I saw this question but have a more specific one.

We have structured data describing our "product" in the main page of the product (as in the above question), using schema.org RDFa.

My question is, in other pages using several of these products and providing links to them (not a search result), is it advantageous to also provide schema.org @type and @id (and not all the other structured data about the product)? My idea is that, this way, a crawler would know exactly what we are talking about in the page. But I worry that maybe this would confuse crawlers more than help our referencing.

  • You shouldn't let search results get crawled and indexed at all. Google considers it bad user experience when users click off Google's search results only to find themselves on site search results. See Search results in search results - Matt Cutts Whether or not those pages have structured data is irrelevant for SEO. Commented Nov 2, 2021 at 15:26
  • Ok thanks @StephenOstermiller, I reformulated my question because I have other pages that provide links to these products, that would be referenced, not search results only.
    – FBB
    Commented Nov 2, 2021 at 15:28

1 Answer 1


First, in terms of using "@type" and "@id" without the rest of the structured data. You should avoid this across different pages, because in my experience Google doesn't always get it right. "@id" is not used in any of their Structured Data documentation so it's not confirmed they support its use in indexing. It does seem to work on the same page. For example, if you use Product schema and Article schema with an "about" property on the same page.

However, I don't recommend including the Product schema on all pages that it appears on unless it is a primary focus, simply because it makes it harder for search engines to figure out what the page primarily is about. Google's documentation states:

"Don't mark up irrelevant or misleading content, such as fake reviews or content unrelated to the focus of a page."

Also see the section "Relevance" on the same page.

I won't give a rule of thumb or maximum number of schemas to include on a page, but it should be determined by relevancy to the webpage. For example:

  • On a product page, mark up the specific product, but not an ItemList of Products for the carousel you have showing off related products.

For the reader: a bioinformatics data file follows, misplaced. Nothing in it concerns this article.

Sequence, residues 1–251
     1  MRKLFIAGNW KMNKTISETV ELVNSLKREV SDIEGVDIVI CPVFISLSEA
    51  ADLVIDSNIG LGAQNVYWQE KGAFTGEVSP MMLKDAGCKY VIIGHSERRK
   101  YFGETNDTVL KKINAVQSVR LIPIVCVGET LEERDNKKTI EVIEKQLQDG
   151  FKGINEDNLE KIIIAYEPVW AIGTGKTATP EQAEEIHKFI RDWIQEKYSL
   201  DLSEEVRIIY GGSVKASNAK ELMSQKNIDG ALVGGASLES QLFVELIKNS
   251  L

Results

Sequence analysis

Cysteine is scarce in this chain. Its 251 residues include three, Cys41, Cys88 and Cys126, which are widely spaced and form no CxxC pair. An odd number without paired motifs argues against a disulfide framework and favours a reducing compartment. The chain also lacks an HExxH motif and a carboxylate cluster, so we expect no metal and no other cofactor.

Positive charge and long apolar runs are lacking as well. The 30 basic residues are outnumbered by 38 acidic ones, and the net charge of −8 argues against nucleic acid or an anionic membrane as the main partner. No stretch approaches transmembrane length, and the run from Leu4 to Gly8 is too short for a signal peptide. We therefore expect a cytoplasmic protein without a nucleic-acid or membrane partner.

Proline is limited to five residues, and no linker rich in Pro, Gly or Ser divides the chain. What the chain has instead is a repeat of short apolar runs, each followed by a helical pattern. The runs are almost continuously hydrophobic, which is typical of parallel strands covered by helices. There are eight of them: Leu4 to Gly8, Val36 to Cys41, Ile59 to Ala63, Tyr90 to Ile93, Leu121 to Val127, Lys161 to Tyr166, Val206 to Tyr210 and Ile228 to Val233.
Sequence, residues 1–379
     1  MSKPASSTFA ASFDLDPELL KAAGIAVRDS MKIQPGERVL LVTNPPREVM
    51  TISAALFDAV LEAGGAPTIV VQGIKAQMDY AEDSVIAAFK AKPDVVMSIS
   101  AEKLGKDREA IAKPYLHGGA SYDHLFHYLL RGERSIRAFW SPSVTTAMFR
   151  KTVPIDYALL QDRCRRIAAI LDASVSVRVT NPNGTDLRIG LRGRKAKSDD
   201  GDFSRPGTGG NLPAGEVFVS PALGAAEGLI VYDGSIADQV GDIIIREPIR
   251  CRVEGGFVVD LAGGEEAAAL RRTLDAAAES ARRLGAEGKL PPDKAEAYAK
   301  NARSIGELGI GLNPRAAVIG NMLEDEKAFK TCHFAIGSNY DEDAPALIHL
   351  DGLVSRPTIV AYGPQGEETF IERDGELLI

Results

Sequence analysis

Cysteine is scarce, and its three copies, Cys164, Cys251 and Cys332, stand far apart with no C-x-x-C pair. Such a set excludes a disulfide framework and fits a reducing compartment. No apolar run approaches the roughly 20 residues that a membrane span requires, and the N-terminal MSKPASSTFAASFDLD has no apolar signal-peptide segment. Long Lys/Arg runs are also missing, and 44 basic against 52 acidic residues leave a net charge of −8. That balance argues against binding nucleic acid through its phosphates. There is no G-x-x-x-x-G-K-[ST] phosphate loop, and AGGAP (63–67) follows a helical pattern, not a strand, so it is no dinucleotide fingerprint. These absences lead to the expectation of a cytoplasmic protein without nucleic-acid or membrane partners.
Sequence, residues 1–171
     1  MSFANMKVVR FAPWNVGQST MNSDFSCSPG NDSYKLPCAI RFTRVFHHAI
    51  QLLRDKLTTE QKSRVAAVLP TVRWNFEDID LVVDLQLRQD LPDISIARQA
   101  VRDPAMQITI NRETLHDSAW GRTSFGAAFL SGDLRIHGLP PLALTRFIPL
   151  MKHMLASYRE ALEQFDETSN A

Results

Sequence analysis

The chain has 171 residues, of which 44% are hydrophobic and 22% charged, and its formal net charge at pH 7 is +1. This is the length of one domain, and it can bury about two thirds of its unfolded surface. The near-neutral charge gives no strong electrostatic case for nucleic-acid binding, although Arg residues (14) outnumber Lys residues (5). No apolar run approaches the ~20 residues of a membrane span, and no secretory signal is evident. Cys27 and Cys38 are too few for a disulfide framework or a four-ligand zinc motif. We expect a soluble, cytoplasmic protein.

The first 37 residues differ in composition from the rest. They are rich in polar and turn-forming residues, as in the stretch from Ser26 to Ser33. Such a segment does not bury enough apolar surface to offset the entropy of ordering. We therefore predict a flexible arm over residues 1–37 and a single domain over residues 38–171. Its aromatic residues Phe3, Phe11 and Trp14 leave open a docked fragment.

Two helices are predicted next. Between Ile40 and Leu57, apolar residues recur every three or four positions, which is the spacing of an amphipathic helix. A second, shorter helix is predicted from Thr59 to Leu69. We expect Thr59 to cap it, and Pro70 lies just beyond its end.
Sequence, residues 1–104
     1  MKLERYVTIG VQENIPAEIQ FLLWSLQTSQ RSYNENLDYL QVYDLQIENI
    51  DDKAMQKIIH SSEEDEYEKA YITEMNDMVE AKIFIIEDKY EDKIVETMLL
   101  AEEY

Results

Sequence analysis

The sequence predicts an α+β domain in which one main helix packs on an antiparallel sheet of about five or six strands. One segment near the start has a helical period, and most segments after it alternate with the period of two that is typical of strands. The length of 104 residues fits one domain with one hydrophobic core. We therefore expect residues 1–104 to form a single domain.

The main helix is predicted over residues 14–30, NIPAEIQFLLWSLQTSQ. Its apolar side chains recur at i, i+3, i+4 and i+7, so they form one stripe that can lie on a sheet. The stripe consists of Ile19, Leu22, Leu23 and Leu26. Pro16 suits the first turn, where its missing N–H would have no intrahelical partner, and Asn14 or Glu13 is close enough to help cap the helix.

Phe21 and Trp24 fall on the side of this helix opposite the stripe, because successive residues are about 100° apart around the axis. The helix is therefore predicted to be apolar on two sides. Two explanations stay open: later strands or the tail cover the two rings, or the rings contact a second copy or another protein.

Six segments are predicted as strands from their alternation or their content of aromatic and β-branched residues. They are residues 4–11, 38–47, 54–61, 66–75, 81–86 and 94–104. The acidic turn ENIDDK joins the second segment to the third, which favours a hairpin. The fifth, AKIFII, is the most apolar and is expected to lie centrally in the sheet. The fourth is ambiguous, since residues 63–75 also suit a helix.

• On a page that contains a video showing how to use the product, mark up the VideoObject and the Product, either by nesting the Product in the "about" property of the VideoObject, or including them both in separate blocks and connecting them with "@id":"[name of product]" to indicate the relation between the two. (Source)
  • On a blog post that reviews the product, mark up Article, Review, and Product, using either nesting or the "@id" method.

Overall, the process should be:

  1. Asking yourself what the page is primarily about, what its intended use is, how users will likely find it, and what purpose does it serve.
  2. Choosing which SD types best represent the page based on your answers.
  3. Determining how to represent the relation between the multiple entities, if there are multiple.

Additionally, if you're using multiple schemas supported by Google, note that there have been statements from Google that say it will only choose one to base rich results off of in search and it may not choose the one you prefer. The chance of them getting it wrong depends on what you're marking up, but let's say as an example, you have a landing page about a Brand, marked up with Organization schema, and it mentions a few of their products so you also include multiple Product schemas. You probably want the Brand's company info to appear but Google may show one or of the Products instead, so it's just another reason to approach this from a relevancy standpoint rather than sticking SD types everywhere as much as possible.

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